Double Dip–Here it Comes

The S&P500 rolled over decisively last week.  It dropped 3.7% on rising volume, which makes the loss more meaningful.  Also adding validity was the VIX (or fear) index which jumped over 19%, preserving the uptrend in volatility that began in late April.

Almost all the economic data were disappointing.  Existing home sales shocked the markets when they fell 2.2%–despite the boost provided by the home tax credit.  The consensus estimate called for an increase of 7.5%.  New home sales fared even worse.  They fell 33% (or 40% from the unrevised prior month) from the revised prior month rate.  The new home sales figure was the LOWEST ever recorded in the history of this series, which began in 1963.  And this rate means that new home sales are 10% lower than they were in the same month last year–2009.  Durable goods orders fell 1.1% when the were expected to dip only 0.5%.  Initial claims were still high, coming in at 457,000.  Finally, the last revision to the first quarter (2010) GDP came in–at 2.7%–well below expectations. 

Technically, the S&P did bounce back to the 50 day moving average, as expected; in fact, it touched 1131.  Now, it looks like there’s a strong probability that the 50 day moving average crosses below the 200 day moving average.  If this happens–next week, or the following week–then the bears in the market will become much more assertive.  And bulls, will look to protect against losing more of their recent gains.  Both of these developments will put even more downward pressure on equities.

The Economic Cycle Research Institute publishes a Weekly Leading Index, which is widely regarded as one of the best indicators of upcoming weakness in the US economic cycle.  On Friday, June 25 the leading index showed a reading  of -6.9%.  This is the same level it reached in December 2007, when the Great Recession first started.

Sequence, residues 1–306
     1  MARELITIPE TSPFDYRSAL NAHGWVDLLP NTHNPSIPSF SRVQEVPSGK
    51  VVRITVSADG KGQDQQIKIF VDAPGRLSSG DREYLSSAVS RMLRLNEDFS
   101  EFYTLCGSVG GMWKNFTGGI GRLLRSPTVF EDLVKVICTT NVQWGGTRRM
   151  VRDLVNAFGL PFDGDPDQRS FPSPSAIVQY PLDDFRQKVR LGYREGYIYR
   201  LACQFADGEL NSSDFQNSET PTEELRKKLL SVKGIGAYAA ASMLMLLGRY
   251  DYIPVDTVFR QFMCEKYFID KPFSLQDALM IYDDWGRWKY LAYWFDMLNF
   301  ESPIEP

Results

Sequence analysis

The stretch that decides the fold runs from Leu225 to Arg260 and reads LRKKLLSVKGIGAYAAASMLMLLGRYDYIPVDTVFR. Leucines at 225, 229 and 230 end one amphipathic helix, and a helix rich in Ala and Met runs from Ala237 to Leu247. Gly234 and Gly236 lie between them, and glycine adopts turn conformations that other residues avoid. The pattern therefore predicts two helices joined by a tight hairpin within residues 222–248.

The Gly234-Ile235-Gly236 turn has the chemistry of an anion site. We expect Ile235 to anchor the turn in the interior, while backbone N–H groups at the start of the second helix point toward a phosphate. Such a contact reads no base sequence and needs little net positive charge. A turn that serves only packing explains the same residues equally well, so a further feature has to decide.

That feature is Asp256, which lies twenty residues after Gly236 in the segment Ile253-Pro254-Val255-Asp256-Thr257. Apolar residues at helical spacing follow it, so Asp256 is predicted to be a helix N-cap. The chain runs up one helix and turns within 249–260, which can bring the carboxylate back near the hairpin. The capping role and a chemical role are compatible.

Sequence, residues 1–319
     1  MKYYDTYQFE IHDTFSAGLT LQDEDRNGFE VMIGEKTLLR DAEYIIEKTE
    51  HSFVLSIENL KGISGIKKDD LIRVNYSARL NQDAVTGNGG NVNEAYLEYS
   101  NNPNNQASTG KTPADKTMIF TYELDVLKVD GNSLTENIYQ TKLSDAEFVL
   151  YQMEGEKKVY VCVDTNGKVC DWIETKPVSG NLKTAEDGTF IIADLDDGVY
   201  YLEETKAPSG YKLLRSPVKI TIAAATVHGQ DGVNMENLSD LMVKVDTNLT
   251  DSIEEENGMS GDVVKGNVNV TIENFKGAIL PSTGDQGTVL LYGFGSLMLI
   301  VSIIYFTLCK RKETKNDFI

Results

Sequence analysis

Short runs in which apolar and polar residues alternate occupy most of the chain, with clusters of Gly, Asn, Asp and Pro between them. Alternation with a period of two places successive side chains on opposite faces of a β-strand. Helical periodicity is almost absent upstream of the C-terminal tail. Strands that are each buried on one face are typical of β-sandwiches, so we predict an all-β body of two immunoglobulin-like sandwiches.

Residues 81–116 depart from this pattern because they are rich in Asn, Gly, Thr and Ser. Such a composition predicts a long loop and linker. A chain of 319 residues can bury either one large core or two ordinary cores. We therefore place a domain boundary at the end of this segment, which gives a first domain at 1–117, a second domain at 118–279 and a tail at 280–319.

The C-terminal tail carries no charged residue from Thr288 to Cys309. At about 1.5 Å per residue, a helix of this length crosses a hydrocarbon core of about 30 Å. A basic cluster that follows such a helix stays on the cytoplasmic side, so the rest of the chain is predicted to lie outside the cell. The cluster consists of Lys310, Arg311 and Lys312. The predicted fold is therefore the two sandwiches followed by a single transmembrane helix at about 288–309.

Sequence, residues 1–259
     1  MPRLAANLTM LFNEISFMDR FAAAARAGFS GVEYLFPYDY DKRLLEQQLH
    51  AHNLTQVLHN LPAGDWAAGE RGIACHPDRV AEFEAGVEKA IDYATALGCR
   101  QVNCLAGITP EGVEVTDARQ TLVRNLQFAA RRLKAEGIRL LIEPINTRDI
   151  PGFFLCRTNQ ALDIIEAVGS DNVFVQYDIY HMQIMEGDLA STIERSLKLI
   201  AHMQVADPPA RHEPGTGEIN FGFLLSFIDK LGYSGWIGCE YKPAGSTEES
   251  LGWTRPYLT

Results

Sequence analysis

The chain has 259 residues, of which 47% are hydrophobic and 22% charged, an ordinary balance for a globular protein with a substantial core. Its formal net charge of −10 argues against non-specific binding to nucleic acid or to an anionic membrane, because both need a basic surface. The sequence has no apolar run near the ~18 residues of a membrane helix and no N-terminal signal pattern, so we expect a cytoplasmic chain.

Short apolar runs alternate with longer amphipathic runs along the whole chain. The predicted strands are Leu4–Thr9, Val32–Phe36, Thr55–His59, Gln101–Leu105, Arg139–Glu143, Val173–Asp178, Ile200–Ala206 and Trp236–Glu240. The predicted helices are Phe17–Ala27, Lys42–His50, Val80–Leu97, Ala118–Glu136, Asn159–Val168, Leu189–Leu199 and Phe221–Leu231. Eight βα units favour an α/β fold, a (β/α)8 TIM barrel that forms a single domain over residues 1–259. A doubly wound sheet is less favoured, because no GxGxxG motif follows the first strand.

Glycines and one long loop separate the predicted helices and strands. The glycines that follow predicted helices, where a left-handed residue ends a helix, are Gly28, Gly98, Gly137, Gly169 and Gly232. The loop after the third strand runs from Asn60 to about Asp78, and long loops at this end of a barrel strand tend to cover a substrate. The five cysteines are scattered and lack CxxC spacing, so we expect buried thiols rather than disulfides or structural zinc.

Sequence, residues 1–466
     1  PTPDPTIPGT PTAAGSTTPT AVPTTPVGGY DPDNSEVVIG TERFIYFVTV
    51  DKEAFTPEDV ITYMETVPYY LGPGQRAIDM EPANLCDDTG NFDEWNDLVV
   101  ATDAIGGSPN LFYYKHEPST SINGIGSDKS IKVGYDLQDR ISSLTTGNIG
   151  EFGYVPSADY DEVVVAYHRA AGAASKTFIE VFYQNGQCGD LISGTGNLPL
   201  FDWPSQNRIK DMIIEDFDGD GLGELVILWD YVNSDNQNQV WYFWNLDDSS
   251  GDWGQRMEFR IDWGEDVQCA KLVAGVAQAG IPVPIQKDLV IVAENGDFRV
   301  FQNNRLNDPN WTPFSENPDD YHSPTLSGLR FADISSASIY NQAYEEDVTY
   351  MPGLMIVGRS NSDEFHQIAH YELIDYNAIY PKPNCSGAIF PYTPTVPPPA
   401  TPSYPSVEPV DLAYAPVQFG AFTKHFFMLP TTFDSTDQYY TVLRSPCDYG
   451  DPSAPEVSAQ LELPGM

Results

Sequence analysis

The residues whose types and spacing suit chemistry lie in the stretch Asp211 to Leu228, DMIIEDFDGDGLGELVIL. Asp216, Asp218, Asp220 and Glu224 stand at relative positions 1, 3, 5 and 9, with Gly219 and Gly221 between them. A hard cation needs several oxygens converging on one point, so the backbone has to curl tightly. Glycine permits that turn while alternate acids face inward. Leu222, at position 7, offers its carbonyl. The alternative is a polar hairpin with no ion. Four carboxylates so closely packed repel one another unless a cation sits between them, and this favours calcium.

At this level, the US economy has NOT fallen into a recession only TWO times in the last 42 years of data.  In other words, the odds of going into a recession are extremely high.

And more ominously, if this index falls another 3.1% to reach -10%, then the economy will almost certainly enter into a recession–over the last 42 years of data from this metric, when the Weekly Leading Index has fallen to -10%, the economy has gone into a recession 100% of the time.

So let’s brace ourselves for the very strong possibility that the cheerleaders from our government, from Wall Street, and from the media (think CNBC) are–and have been–dead wrong as they’ve been promoting “green shoots” and the “nascent recovery”. 

It’s becoming increasingly apparent that the best term to describe our recovery is actually “fleeting”, which is exactly what one would expect from a government-induced, inventory-based bounce that, in the long-term, has no legs.

The US economic recovery–from mid 2009 to mid 2010– has been a dead cat bounce.  And so has the stock market rally. 

It’s time to prepare for the double dip.  It’s almost certainly coming.

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